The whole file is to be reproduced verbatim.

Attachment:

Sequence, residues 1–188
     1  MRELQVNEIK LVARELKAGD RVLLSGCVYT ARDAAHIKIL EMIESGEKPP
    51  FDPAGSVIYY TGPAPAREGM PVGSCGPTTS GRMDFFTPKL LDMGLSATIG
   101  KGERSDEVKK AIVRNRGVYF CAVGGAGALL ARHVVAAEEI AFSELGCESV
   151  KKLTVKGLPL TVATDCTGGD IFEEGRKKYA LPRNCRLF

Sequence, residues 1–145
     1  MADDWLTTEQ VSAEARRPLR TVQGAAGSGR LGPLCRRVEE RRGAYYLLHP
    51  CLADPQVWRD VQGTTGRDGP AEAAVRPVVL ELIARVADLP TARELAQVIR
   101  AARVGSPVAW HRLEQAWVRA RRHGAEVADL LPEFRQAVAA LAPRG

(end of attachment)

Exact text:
Sequence, residues 1–188
     1  MRELQVNEIK LVARELKAGD RVLLSGCVYT ARDAAHIKIL EMIESGEKPP
    51  FDPAGSVIYY TGPAPAREGM PVGSCGPTTS GRMDFFTPKL LDMGLSATIG
   101  KGERSDEVKK AIVRNRGVYF CAVGGAGALL ARHVVAAEEI AFSELGCESV
   151  KKLTVKGLPL TVATDCTGGD IFEEGRKKYA LPRNCRLF

Sequence, residues 1–145
     1  MADDWLTTEQ VSAEARRPLR TVQGAAGSGR LGPLCRRVEE RRGAYYLLHP
    51  CLADPQVWRD VQGTTGRDGP AEAAVRPVVL ELIARVADLP TARELAQVIR
   101  AARVGSPVAW HRLEQAWVRA RRHGAEVADL LPEFRQAVAA LAPRG